If you approach any economist on the street and ask him how the business cycle fits into a capitalist economic system, he will, apart from looking rather gloomy, answer that the cycle, or “economic fluctuation” as he would call it (cycle implying a sense of regularity), cannot be explained by a theory with any consensus among economists.
In fact, if you had asked him 10 years earlier, chances are that he would laugh in your face.
He would tell you rather condescendingly that advances in macroeconomic theory had given us the understanding and tools to ward off extended recessions (this attitude is reflected by the notable economist Robert Lucas who remarked that the problem had been “solved for many decades” in a speech to the American Economic Association). It’s tough to rationalize the recurring ghost of capitalism. So with economists looking rather like the hen that cackles before laying the egg, where does that leave us? Certainly without a lot of clever moves. The American people have essentially two tools to influence the macroeconomic trend of the American economy.
We have the Federal Reserve, which has the ability to control interest rates and the money supply (think QE2), and we have the Federal government, which essentially has the ability to reallocate money in the economy (from taxes to government expenditures) and to regulate. Things seemed to be going well after the government infusion of money into the economy from the American Recovery and Reinvestment Act: our economy grew, investors were hopeful, everything seemed a little more positive. Could we apply these same principles again to stimulate job growth?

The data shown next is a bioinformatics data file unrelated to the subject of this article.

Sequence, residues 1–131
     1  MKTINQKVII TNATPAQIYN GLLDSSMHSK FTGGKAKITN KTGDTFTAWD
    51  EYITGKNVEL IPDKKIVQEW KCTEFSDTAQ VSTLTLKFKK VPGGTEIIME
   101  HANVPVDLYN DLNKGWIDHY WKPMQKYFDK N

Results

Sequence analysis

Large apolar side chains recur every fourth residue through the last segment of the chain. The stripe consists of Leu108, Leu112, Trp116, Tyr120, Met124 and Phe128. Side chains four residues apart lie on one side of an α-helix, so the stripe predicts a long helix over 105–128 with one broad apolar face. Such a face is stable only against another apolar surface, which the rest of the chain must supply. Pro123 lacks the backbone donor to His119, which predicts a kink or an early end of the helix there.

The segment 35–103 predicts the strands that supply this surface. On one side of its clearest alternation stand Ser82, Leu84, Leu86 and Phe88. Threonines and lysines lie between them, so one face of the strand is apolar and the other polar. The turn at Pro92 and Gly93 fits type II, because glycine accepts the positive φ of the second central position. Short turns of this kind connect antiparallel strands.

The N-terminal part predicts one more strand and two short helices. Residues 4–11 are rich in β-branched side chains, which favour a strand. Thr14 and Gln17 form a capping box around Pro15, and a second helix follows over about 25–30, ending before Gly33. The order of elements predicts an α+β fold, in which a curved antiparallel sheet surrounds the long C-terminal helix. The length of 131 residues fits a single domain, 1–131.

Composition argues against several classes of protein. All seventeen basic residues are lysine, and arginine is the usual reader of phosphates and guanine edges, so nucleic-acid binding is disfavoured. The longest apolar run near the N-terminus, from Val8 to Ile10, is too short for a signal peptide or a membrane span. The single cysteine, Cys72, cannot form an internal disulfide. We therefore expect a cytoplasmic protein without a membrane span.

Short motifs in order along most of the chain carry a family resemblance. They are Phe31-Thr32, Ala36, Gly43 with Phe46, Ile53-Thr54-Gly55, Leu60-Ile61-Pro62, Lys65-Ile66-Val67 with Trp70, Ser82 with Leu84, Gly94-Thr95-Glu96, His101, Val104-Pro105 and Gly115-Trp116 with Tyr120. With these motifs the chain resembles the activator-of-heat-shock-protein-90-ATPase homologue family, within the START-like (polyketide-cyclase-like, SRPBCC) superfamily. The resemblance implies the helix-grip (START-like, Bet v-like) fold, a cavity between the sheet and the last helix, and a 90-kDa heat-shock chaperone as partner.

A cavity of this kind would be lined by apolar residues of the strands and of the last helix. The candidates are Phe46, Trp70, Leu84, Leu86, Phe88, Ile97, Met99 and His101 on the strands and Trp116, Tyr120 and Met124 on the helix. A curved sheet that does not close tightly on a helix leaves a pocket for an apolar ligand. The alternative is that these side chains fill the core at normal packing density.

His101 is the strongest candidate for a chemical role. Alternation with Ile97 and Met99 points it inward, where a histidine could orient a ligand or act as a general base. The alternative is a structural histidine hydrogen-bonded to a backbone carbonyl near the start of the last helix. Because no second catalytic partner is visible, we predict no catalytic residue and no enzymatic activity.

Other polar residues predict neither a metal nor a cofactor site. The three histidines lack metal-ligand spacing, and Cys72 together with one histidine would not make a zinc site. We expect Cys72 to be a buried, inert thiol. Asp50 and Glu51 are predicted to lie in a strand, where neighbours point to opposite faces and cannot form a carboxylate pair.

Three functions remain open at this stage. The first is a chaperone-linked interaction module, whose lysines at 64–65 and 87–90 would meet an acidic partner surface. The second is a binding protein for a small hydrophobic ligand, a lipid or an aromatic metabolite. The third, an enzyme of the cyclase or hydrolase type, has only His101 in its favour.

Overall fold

Enter the American Jobs Act (AJA), announced by President Obama two weeks ago. A bold proposal by any measure, the $447 billion package includes a combination of tax cuts and spending. There’s no need to slap your forehead and check the national debt clock either; the package is part of President Obama’s comprehensive deficit reduction plan which promises to cut $3 trillion from the deficit gap over the next decade.
But is this money going to the right places? If we are hoping to alleviate the two worst problems in our economy right now – unemployment and stagnation in small businesses – than the AJA makes several positive steps. The tax cuts don’t discriminate between businesses and individuals: small businesses will get their payroll tax rate halved – completely eliminated for those who add workers – while cutting payroll taxes in half for workers. The plan also includes a $4,000 tax credit to companies that hire workers who have been unemployed for extended periods of time and a mechanism that would allow families to refinance their mortgages at lower rates.
On the expenditures side, government loans will provide for construction on schools, bridges and other public goods, as well as expanding high-speed broadband access to more communities. Ultimately, it will take nothing shy of a miracle to pass this bill. With words like “spending” and “stimulus” as unpopular as “big government,” it seems that the war of words has been won by Republicans at the expense of any form of a plan to help the unemployed or our economy.
Even the proposals that Republicans viewed favorably before now are foreign and undesirable to them. It’s easy to reject something because it isn’t ideologically pure. But often these amalgams of pragmatic ideas are the most effective. Personally, I don’t think cutting taxes is a fantastic idea with the situation our deficit is in.
But I recognize the difference between the short term and the long term – if we can’t achieve sustained growth in the economy, tax revenues across the board will suffer. If I have to be satisfied with a bill that empowers businesses and individuals to make moves in the right direction, well, that certainly works for me.
Contact Nate Lynch at [email protected]